3–4pm on Saturday 17 September @ A Bite To Eat in Chifley
(8 Eggleston Cres, Chifley ACT 2606)

Please RSVP to Tehani at fablecroft@gmail.com for catering purposes!

Look forward to seeing you there.

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Exciting news! Congrats to Stephanie Burgis!

ITH CoverWe are super excited today to see that Stephanie Burgis’s wonderful novelette “The Art of Deception” from Insert Title Here has been shortlisted in amazing company for the WSFA Small Press Award! Huge congratulations, Steph! Full press release below.

The WSFA Small Press Award Committee Announces Finalists for 2016 Award  for stories published in 2015.
The Washington Science Fiction Association (WSFA) is pleased to announce the finalists for the 2016 WSFA Small Press Award for Short Fiction:
“The Art of Deception,” by Stephanie Burgis in Insert Title Here, ed. by Tehani Wessely, published by Fablecroft Publishing, (April 2015);
“Burn Her,” by Tanith Lee in Dancing Through The Fire, ed. by Ian Randal Strock, published by Fantastic Books (September 2015);
“Cat Pictures Please,” by Naomi Kritzer, published in Clarkesworld Magazine, ed. by Neil Clarke and Sean Wallace, (January 2015);
“The Empress in Her Glory,” by Robert Reed, published in Clarkesworld Magazine, ed. by Neil Clarke and Sean Wallace, (April 2015);
“The Haunting of Apollo A7LB,” by Hannu Rajaniemi in Hannu Rajaniemi: Collected Fiction published by Tachyon Publications, (May 2015);
“Headspace,” by Beth Cato in Cats In Space, ed. by Lawrence M. Schoen, published by Paper Golem LLC, (December 2015);
“Leashing the Muse,” by Larry Hodges, published in Space and Time Magazine, ed. by Hildy Silverman, (May 2015);
“Leftovers,” by Leona Wisoker in Cats In Space, ed. by Lawrence M. Schoen, published by Paper Golem LLC, (December 2015);
“Today I Am Paul,” by Martin L. Shoemaker, published in Clarkesworld Magazine, ed. by Neil Clarke and Sean Wallace, (August 2015).
The award honors the efforts of small press publishers in providing a critical venue for short fiction in the area of speculative fiction.  The award showcases the best original short fiction published by small  presses in the previous year (2015). An unusual feature of the selection  process is that all voting is done with the identity of the author (and publisher) hidden so that the final choice is based solely on the quality of the story.
The winner is chosen by the members of the Washington Science Fiction Association (www.wsfa.org) and will be presented at their annual convention, Capclave (www.capclave.org), held this year on October 7-9, 2016 in Gaithersburg, Maryland.
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Latest news and reviews

Rapunzel CoverRay Thompson reviewed The Rebirth of Rapunzel in issue #77 of Historical Novels Review, saying: Forsyth’s argument is convincing, her prose clear, and the insights into the tale’s influence on her own work, especially Bitter Greens, fascinating. Definitely recommended. 

And Steph4 on Amazon says: “…a five star work…”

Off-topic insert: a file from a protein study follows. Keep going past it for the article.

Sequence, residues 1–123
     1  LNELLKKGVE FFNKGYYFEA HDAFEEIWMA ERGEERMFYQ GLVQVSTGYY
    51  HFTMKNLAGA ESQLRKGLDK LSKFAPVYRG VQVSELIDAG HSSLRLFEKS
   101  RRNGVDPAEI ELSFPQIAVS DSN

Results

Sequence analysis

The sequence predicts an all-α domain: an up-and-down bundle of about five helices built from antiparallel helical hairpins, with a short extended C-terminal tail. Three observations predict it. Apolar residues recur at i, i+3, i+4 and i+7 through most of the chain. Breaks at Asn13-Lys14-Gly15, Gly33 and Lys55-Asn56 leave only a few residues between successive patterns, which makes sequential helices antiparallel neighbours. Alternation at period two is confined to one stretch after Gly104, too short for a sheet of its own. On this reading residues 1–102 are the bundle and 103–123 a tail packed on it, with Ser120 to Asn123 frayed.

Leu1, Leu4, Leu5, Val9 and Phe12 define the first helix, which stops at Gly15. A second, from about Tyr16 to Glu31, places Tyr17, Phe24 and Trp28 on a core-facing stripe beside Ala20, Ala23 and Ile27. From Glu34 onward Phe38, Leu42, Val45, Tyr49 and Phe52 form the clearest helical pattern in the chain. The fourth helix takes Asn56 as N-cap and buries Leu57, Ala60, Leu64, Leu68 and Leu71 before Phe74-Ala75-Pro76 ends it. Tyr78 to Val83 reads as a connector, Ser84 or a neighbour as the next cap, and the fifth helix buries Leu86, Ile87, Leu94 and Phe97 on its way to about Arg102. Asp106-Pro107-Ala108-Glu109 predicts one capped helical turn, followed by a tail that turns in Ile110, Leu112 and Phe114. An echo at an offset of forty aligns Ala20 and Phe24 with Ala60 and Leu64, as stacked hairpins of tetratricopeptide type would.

Striking Fire cover-1“A Friend in the Trade” from Dirk Flinthart’s collection Striking Fire made it onto Ellen Datlow’s Honorable Mentions list for her The Best Horror of the Year volume 8, as did “2B” by Joanne Anderton, “Salvatrix” by Marianne de Pierres, “Sins of Meals Past” by Matthew Morrison, “Oil and Bone” by Dan Rabards and “The Winter Stream” by Daniel Simpson (from Insert Title Here). Congratulations all!

ITH Cover

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What’s been going on lately?

A new review of Cranky Ladies of History from Matthew Davis at GoodreadsThis book covers a wide variety of periods, genres and voices, but one thing that remains consistent is the level of quality … This was my first Fablecroft book, but on the strength of this collection, it sure won’t be the last.

Thanks Matthew, that warms the cockles of this editor’s heart!

Cute little review of Dirk Flinthart’s Striking Fire by Rivqa, also at GoodreadsA fine collection with some unexpected (for me) gems…

Catching up on several Goodreads reviews of Tansy Rayner Roberts’s Pratchett’s Women essay collection that I somehow managed to miss!

  1. Mike said: “I’d recommend it to anyone who’s interested in non-ranty feminist perspectives and fantasy fiction
  2. Amanda said: “Tansy’s honest, soul-searching, and massively enthusiastic take on how female characters are portrayed in the Discworld universe is an excellent read.”
  3. Octavia Cade said: “this works as an entertaining introduction It’s got that nice chatty blog vibe to it.”
  4. Cindy said: “[it] made me want to reread a whole bunch of the Pratchett books again!”

Thanks so much for taking the time to review our books!

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Revisiting Pern, the great McCaffrey reread: THE MASTERHARPER OF PERN

Tehani and Marisol bonded over Pern (and Doctor Who) at a science fiction convention, decided that it was time for a reread of the series, and really, they should blog about that. They are reading in Anne McCaffrey’s preferred way, which is basically publication order.  

gl49of4nx3uzug5weu1fPern Series – The Masterharper of Pern